It seems hard to believe, but 10 years after the state cut down millions of healthy trees in a hapless effort to halt citrus canker disease, lots of Floridians still haven’t been reimbursed for the loss of their beloved fruit-bearing trees.
And Gov. Rick Scott hasn’t made it any easier. This month, he vetoed $37.4 million intended to compensate residents of Broward and Lee counties after years of litigation about the removal of trees around the state. The money was to be part of the 2017-18 budget recently approved by the Legislature.
On Tuesday, homeowners and their lawyers asked the Florida Supreme Court to overturn Scott’s decision, calling it unconstitutional. The veto “undermines the state’s constitutional obligation to pay full compensation for the taking of private property,” the lawsuit argues.
Folks in Broward and Lee counties aren’t the only ones waiting for overdue payments. Palm Beach County homeowners are to get $28.4 million and Orange County residents are due $35.7 million. Those sums — awarded by juries in lawsuits against the state — haven’t yet been allocated by the Legislature.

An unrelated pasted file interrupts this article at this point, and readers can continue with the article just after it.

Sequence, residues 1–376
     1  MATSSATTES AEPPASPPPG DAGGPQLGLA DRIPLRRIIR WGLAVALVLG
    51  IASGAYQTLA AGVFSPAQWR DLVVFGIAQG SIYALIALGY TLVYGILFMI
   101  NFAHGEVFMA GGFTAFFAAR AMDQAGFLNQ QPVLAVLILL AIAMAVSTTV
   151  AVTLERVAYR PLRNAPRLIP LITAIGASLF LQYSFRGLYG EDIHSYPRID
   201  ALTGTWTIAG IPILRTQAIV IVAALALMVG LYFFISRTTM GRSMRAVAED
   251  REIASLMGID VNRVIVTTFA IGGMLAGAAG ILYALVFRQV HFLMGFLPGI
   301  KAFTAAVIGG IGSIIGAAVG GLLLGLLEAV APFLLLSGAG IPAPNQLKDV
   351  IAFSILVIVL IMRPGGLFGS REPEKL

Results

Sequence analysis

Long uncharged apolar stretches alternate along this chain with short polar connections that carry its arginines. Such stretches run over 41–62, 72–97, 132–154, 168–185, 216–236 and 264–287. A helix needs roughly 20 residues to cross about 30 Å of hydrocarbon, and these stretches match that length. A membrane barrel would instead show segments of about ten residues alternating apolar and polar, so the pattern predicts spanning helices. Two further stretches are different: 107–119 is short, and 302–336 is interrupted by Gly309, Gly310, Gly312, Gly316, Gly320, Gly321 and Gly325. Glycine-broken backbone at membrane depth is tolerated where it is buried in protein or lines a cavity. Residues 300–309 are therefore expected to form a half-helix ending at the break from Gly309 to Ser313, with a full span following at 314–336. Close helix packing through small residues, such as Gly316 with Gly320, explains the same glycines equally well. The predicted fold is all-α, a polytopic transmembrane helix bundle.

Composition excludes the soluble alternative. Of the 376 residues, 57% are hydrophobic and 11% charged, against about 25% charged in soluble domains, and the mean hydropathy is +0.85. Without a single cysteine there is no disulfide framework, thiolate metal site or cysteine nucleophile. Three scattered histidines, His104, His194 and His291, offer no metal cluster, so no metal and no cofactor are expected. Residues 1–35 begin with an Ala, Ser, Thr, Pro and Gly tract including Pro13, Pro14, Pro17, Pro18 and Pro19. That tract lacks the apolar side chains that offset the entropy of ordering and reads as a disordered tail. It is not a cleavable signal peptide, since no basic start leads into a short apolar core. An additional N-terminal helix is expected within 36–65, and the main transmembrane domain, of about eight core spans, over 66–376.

And so an unpopular — and unsuccessful — “war on canker” keeps on making people unhappy.
From 1995 to 2006, homeowners winced and protested as state and federal workers put chainsaws to their healthy trees. They removed 16.5 million from backyards and citrus groves — almost 75,000 from Palm Beach County backyards alone — to stop the fruit-blemishing disease. The campaign, said to be the largest such eradication effort ever seen, cost a ridiculous $875 million. Litigation and claims have pushed that number past $1.6 billion.
What makes it harder to swallow: It was all for nothing. As my colleague Susan Salisbury has explained:
The program was based on a flawed “1,900-foot rule” that called for removing every tree within a 1,900-foot radius of an infected tree. The theory was that 95 percent of transmissions from a diseased tree to a healthy tree occur within 1,900 feet.
Of course, that left 5 percent of bacterium at large. Unbelievably, the rule that became a law in 2002 didn’t account for the role hurricanes or even tropical storms would play in the disease that those same scientists said was spread by wind-borne rain. The wicked 2004 and 2005 hurricane seasons spread the canker so far and wide that it was impossible to eradicate.
UPDATE 9:45 a.m. THURSDAY:
The Florida Supreme Court wants a quick response from Gov. Scott about his veto. It has given him until noon Monday to respond to the lawsuit from Broward and Lee county homeowners and attorneys.